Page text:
Reported impressions from a visiting artist

A catch-all forum for urban discussion. If it doesn't fit elsewhere, post here.
For the last several days I've been playing host to the soloist in our upcoming concert. Julia Meynert, who will be playing the Brhams Violin Concerto with the TCSO on Sunday (2:30 pm at Principia's Ridgway Auditorium:13201 Clayton Road, St. Louis 63131) was born in Germany, and lived in Vienna, and presently jets back and forth between Chicago, New York, and Boston. (Which is to say she's been around a bit and knows the sexier towns.)

She was utterly shocked at how beautiful and inexpensive things are here. (She basically expected another zero behind what I paid for my house. Full honest to god order of magnitude.) She was surprised at how cheap groceries are. She loved Vietnamese food and had never encountered a Vietnamese restaurant before in Boston or New York. Or Afghani. (Or Bosnian, come to think of it.) Even East Coast immigrants can see us as surprisingly diverse. (You know, when you drive along the right strip of Grand. Or Olive for a little while longer.) She loved our parks. She was surprised that Tower Grove Park is not the largest park in town. (And deeply impressed, particularly by the busts around the bandstand. Yeah classical music! Says symphonicpoet. Of course.)

We didn't do a lot that was touristy, as this is a working trip. But there will be more time, so I'm hoping to drag her one or two other places yet. (Got to hit the Japanese garden. This is a must. Since she's half Japanese and going to the original in a couple of weeks on business.)

The short version was she was impressed. I didn't drag her to the most abandoned parts of town, but I didn't shy away from the rougher parts of Dutchtown, at least. (Heck, I took her to eat at a Vietnamese restaurant near Grand and Chippewa, since that's my wife's perennial favorite. Stopped at a grocery there too. And she didn't blink.)

I've assured her that there are issues and even talked about some of them, since they're national issues as much as local. And she's moving into this mess. (Which I would like to officially dub the "redeveloping world" with all the baggage that might carry.) . . . (The US, that is. She's lived here five or ten years, but she's only recently become a card carrying i-number bearing permanently staying person.)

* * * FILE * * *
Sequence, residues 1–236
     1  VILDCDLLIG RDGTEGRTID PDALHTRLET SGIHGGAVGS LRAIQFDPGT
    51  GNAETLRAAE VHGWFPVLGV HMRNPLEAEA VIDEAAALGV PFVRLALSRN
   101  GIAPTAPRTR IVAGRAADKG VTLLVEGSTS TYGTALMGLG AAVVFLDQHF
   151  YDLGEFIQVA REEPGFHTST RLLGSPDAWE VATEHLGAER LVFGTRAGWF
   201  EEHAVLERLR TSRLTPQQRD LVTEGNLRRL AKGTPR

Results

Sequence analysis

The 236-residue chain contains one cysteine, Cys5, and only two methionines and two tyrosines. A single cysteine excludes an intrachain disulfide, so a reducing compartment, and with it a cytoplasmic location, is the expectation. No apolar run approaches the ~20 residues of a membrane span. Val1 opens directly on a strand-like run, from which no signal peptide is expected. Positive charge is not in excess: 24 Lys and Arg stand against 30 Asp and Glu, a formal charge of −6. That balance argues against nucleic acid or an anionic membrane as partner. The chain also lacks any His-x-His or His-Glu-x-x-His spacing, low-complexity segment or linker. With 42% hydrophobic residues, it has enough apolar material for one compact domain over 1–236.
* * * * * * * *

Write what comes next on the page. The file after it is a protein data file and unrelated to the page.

To get back to the topic at hand, all in all her impression was remarkably favorable. We have problems. They need to be fixed. But when you look at the place right apparently it is in fact still quite pretty. Remarkably so.

(I do always try to give a good impression. Think of me as a sort of bespoke civic booster. I craft new believers one at a time with tremendous care and effort. . . . In a way that doesn't really scale well.)

. . . (And remind me to drag my camera out next time. There's got to be a photo op or two here.)
Most of my out of town friends have the same thoughts. My wife grew up on the west coast and went to college in the Northeast so we get a lot of coastal friends that come visit. Most are always surprised on what STL has to offer when they come. One friend was in town and my wife told me she loves to eat meat, so we decided to take her to The Block. I mentioned it to the friend and she acted surprised my wife said that. It turned out she only eats "happy meat" (or meat you know the source and is grass fed/etc) and didn't think we would have that around here, which still makes me laugh. Everyone always enjoys the architecture. When I drive thru the loop and point out all the different ethnic foods options they seem surprised as well.

We always try to talk the city to get people to visit and possibly move here. Oddly enough we have one couple we are friends with that the wife is from Canada and wants to move here, and the husband is from here and doesn't want to move back. Which seems backwards to me but we are still working on them.
symphonicpoet wrote:
Tue Aug 28, 2018 1:18 am
The short version
Is there such a thing from symphonicpoet :D

I've had a similar experience with a guy from Australia who moved here for a job at Boeing. He said STL made a terrible first impression driving from the airport, but since has really grown on him, impressed him. I did my best to introduce him to the city.
I'm in West Philly for the next 2 weeks and it's making all except the most forsaken parts of north STL look like paradise. I just don't understand what people see in Philly aside from it's proximity to other places. Haven't seen Center City yet–I'm sure it's impressive and expensive–but large swaths of Philly are just falling apart and covered in garbage. And it's totally normal. Sometimes we take things for granted...
urban_dilettante wrote:
Tue Aug 28, 2018 10:05 am
I'm in West Philly for the next 2 weeks and it's making all except the most forsaken parts of north STL look like paradise. I just don't understand what people see in Philly aside from it's proximity to other places. Haven't seen Center City yet–I'm sure it's impressive and expensive–but large swaths of Philly are just falling apart and covered in garbage. And it's totally normal. Sometimes we take things for granted...
I enjoyed Center City very much, it whelmed me much more than I had expected. Didn't see anywhere other than Center City, however.
We talked about Philadelphia too, actually. Both of us were fairly impressed (seeing only center city). Lots of green. Lovely architecture. Julia even said it was quite affordable, which surprised me. But having had friends from eastern Penn, everyone local seems to truly hate the place. (And I thought we were too often down on our city. I think Philly natives have us seriously beat there.)